far worse if the Executive starts slashing public sector capital funding.
According to a report in the Belfast Telegraph:
industry is expecting the jobs situation to remain tough into the new year,
despite signs that the house building industry is improving.
Employers’ Federation (CEF) managing director John Armstrong told the Belfast
Telegraph that higher sales from house builders are beginning to be reported,
albeit against a very low base following the 35-40% drop in house prices.
‘However, he added
that the flow of infrastructure projects on roads, schools and hospitals is not
sufficient to keep the industry moving in the right direction. He continued:
“The workload that
was anticipated from the public sector, primarily through the (Executive’s)
investment strategy has been very very slow to come to the market.
“We estimate that
over the last couple of years we’ve lost 28,000 jobs in the industry, that’s a
combination of the 14,000 that are claiming benefit and approximately 14,000
who were self employed.
“Our concern is that
most of our companies’ workloads have decreased significantly beyond the end of
the year. Most of them are saying to us that they will be making significant
comment in the media is more upbeat, that we seem to be coming out of the
recession, I fear with regard to the construction industry in Northern Ireland we may not have
seen the end of it at all. Early next year we could see significantly increased
The combination of deep cuts and economic
crisis in the private sector will have important political repercussions in the
north, not least because none of the political organisations represented in the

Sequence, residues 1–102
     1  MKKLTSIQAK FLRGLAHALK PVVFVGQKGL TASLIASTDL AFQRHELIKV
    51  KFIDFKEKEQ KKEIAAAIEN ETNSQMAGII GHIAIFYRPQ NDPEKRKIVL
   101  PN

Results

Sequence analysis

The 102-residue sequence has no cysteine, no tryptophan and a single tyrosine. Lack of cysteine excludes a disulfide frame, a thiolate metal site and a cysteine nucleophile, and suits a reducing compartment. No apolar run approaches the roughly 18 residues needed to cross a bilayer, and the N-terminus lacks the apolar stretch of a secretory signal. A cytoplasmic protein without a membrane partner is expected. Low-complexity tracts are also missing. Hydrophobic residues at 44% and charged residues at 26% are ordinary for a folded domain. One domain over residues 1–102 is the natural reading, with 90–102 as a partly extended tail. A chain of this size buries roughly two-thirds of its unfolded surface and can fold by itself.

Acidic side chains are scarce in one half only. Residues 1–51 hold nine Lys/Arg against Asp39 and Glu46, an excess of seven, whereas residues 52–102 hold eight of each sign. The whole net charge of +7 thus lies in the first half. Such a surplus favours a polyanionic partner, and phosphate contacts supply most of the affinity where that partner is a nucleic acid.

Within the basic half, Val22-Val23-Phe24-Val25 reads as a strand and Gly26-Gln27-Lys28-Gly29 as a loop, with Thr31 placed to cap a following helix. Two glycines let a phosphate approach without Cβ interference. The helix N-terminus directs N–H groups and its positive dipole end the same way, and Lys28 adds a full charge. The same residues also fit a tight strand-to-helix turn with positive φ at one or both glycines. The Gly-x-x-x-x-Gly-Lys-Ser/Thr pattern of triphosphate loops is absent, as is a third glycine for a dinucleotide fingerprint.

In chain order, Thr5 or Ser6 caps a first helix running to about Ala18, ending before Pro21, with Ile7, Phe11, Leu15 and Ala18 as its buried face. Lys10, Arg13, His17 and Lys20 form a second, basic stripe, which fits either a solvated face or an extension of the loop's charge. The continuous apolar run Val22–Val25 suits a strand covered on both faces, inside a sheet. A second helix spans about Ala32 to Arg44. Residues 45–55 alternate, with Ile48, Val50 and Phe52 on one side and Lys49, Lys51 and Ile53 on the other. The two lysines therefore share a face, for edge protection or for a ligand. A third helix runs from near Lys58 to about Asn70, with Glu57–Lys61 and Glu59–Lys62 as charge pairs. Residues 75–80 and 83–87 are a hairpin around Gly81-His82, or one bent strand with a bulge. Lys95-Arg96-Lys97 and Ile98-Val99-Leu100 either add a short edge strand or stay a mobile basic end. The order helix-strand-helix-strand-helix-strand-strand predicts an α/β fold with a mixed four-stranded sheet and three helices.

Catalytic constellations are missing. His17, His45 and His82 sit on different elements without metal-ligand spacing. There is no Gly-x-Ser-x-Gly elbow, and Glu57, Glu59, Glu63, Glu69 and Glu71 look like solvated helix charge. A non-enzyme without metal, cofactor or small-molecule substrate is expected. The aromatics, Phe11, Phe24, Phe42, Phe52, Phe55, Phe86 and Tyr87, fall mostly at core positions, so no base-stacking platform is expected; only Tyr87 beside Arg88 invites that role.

Assembly offer any real alternative to working people, whether catholic or
protestant. There is a huge political vacuum in the north. The danger is that
without the development of a clear class alternative, the situation could
become further polarised along sectarian lines.
The Good Friday Agreement, while solving
none of the real underlying social and economic problems, was patched together
and kept trundling along thanks fundamentally to the decade of economic boom
that followed. This allowed for more jobs to be created. This was at the base
of the apparent “solution” to the sectarian strife.
Now that boom is well and truly over and Ireland as a
whole is feeling the effects in a big way. Jobs are now being destroyed and
spending is being cut. In these conditions the trade unions and political
parties will come under enormous pressure. This is particularly the case in
respect of Sinn Féin, who are intimately tied up with the Northern Ireland
Recent events in Lurgan and other such
events over the past period illustrate some of this tension. But for the
working class the response of the trade unions is of vital importance. How will
the movement react to the cuts? The experience south of the border has been that
there is no middle ground, it is ultimately a question of fight back or watch
jobs, wages and conditions float away.
For the genuine socialists, Marxists and
trade unionists in the north the task is clear: to create within the labour
movement a clear political alternative, a party that voices the needs of working
people on both sides of the sectarian divide.
In the recent years, within the Republican
movement there has been a differentiation between those who have thrown their
lot totally into Stormont and attempting to apply and keep to the Good Friday
Agreement, and those who have started to draw the lessons of the past and move
in the direction of class struggle as opposed to sectarian strife. Years of
sectarian conflict have shown that down that road there is no solution to the
problems of the north of Ireland.
In opposing the Good Friday Agreement, the
task is not to turn back to the failed methods of the past, but to move forward
to revolutionary class struggle. In the new conditions that are opening up the
demands must be: